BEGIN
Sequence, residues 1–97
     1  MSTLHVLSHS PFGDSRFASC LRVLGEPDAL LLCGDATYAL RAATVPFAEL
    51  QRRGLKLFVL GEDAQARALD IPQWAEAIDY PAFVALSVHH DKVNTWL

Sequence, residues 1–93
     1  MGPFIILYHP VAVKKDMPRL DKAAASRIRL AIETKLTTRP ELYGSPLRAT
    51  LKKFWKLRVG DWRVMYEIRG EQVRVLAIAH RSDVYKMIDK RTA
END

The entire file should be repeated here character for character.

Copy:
Sequence, residues 1–97
     1  MSTLHVLSHS PFGDSRFASC LRVLGEPDAL LLCGDATYAL RAATVPFAEL
    51  QRRGLKLFVL GEDAQARALD IPQWAEAIDY PAFVALSVHH DKVNTWL

Sequence, residues 1–93
     1  MGPFIILYHP VAVKKDMPRL DKAAASRIRL AIETKLTTRP ELYGSPLRAT
    51  LKKFWKLRVG DWRVMYEIRG EQVRVLAIAH RSDVYKMIDK RTA